6. Time. Common sense tells us that if time is required to heal a physical wound, it will also take time to heal an injured heart. Jesus said that He came to heal the brokenhearted (Luke 4:18). This declaration should assure you that this is exactly what He wants to do in your life. But, it takes time. Don’t be unrealistic and expect things to change overnight. Scripture points out that we are all slow at heart to believe anything (Luke 24:25). Most likely both partners will be slow to believe that things can really change in their marriage. But, you both must take a step of faith and work to save the relationship. Remember, Jesus is in the business of changing lives and reconciling the estranged. He does it every day of the week with those whose hearts are willing to obey. Will you be patient and give God time to work? The need for sufficient time is clearly implied in the word patience. Obviously there would be no need for patience if problems were all rectified instantly. Let patience have its perfect work in you and your marriage (James 1:4).

In addition, as time passes you will have the opportunity to observe your mate. You will see if he or she is merely making hopeful professions or if the changes are real. Again, true repentance is always demonstrated by action that will either confirm your faith or reveal that it’s misplaced. Scripture explains that it was “in the process of time” that the fruit of Cain’s heart was revealed by his actions (Gen. 4:3). You always know the tree by the fruit that is produced in the process of time (Matt. 7:20). Don’t forget this valuable truth!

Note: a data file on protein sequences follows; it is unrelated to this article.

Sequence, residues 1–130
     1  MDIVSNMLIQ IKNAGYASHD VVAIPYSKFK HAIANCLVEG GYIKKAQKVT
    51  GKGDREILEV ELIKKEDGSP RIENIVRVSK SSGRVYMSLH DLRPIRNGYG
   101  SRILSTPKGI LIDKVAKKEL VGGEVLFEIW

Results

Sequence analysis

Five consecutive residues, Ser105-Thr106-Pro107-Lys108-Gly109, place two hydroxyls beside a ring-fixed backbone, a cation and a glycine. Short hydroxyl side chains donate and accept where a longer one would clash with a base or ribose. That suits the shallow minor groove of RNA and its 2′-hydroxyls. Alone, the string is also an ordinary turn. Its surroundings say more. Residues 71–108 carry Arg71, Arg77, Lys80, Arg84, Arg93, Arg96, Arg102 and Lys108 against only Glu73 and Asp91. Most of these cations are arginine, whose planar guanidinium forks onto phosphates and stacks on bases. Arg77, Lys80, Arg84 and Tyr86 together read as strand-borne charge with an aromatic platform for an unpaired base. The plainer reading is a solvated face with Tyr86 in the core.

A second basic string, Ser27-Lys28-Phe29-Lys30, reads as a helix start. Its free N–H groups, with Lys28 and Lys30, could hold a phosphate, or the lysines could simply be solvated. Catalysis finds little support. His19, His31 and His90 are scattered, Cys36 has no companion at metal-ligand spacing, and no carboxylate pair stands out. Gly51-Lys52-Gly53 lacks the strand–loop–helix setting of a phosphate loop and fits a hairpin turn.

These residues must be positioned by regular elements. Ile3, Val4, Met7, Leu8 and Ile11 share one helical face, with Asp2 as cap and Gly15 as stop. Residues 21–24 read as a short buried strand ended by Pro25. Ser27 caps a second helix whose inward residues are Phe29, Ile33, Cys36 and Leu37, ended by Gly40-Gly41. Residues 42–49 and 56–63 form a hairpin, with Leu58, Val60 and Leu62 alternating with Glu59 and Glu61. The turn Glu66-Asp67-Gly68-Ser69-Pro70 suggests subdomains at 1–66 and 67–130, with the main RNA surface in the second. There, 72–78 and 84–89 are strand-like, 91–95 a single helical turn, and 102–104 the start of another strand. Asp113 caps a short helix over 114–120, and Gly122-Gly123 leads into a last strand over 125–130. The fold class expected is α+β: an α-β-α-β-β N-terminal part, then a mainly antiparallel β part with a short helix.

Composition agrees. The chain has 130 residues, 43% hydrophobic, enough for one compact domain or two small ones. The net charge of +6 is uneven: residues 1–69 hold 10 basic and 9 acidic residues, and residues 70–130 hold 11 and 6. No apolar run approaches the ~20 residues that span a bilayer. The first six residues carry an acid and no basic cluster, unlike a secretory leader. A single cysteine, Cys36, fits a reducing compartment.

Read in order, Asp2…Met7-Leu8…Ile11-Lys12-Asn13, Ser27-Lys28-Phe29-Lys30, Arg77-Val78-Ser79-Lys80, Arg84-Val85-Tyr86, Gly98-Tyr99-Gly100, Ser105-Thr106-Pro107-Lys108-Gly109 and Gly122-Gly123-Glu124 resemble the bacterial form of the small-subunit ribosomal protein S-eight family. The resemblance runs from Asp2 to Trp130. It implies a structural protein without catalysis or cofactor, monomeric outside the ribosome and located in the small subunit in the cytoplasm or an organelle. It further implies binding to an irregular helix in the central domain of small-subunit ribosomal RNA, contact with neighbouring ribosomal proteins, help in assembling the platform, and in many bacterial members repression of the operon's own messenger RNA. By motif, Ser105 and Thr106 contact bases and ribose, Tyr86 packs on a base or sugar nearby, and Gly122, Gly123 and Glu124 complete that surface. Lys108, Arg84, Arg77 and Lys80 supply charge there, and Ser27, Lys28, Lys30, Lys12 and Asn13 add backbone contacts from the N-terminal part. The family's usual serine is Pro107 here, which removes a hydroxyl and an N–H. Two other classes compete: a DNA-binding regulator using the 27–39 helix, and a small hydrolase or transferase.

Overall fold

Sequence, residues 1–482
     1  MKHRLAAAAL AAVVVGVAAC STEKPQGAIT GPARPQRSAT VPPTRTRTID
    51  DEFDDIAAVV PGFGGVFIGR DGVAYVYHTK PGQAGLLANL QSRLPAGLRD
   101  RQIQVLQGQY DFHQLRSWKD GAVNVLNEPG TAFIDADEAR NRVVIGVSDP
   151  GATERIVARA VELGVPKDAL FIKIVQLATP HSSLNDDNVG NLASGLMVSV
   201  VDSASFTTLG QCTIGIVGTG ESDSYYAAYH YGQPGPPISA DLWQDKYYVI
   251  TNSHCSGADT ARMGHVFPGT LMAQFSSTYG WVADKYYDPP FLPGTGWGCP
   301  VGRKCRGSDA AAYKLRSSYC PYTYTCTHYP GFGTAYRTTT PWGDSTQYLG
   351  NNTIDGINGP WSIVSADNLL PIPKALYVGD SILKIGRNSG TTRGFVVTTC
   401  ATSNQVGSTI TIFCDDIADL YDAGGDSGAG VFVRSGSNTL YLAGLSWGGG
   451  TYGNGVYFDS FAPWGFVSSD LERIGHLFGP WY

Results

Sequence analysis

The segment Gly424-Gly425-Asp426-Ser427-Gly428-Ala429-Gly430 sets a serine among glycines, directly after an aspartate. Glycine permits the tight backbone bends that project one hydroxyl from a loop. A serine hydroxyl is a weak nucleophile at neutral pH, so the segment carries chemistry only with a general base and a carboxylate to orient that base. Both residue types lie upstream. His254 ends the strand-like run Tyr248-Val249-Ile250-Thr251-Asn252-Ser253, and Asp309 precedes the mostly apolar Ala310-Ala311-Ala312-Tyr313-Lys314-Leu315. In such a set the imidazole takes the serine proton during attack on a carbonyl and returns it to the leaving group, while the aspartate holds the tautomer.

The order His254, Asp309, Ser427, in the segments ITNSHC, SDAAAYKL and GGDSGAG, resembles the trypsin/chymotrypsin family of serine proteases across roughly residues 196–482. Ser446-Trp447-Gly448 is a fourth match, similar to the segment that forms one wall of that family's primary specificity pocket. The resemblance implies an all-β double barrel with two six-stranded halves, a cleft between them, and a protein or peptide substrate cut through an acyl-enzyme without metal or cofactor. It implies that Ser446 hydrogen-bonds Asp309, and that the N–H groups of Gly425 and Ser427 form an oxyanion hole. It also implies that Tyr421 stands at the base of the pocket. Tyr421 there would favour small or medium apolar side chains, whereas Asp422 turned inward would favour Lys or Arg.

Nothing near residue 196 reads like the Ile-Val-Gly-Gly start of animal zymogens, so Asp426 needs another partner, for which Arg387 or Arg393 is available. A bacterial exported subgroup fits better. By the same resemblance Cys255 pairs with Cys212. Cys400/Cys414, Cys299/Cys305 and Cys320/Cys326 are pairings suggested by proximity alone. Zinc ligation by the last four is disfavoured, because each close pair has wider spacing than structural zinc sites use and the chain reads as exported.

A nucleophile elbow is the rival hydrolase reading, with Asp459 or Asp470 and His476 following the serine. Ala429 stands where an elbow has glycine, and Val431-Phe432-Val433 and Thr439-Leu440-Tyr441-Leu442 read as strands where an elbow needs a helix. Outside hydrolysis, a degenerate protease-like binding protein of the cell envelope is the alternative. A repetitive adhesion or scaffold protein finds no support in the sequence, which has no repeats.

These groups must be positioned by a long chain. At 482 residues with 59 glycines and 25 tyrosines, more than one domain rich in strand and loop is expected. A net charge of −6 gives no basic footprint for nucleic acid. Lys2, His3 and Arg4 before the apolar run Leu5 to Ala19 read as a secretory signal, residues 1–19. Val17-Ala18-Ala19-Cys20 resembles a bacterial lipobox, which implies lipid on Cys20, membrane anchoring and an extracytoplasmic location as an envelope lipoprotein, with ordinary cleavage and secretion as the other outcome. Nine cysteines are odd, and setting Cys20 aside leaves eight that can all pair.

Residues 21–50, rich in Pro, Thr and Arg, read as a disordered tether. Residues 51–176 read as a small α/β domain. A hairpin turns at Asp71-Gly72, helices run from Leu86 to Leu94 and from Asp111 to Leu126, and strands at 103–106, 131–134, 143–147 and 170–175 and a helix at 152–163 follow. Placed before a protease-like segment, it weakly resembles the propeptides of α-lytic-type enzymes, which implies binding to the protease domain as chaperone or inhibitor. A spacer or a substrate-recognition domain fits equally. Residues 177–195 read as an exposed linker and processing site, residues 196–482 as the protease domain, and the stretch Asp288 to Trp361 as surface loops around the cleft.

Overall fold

7. Beware of Self-righteousness. Finally, let me give a word of warning to the offended spouse: beware of being self-righteous. If this attitude takes root in your heart it will short-circuit all your attempts to re-establish your relationship. In addition, if you look down on your mate with a self-righteous and condemning attitude you will not only hinder your attempt to restore your relationship but you will also frustrate your own fellowship with God. Remember the self-righteous Pharisee who prayed and thanked the Lord that he wasn’t like other men? Note that the passage reveals that this man wasn’t praying to God, but was only talking with “himself” (Luke 18:11). Why? Because God always resists the proud and the self-righteous. None of us has any reason to be lifted up or arrogant about anything that we have done or have not done. We are saved by grace and we are kept by grace. Don’t ever forget that we are all sinners. We are very much like each other. There is no temptation that is not common to man (1 Cor. 10:13). Paul warned all believers: “Let him who thinks he stands take heed lest he fall” (1 Cor. 10:12). If you think that you could never sin or fail in the same manner as your spouse, you are only deceiving yourself.

The best way to keep your attitude correct is to regularly examine yourself and remove from your heart this plank of self-righteousness (Matt. 7:5).

A Word of Caution.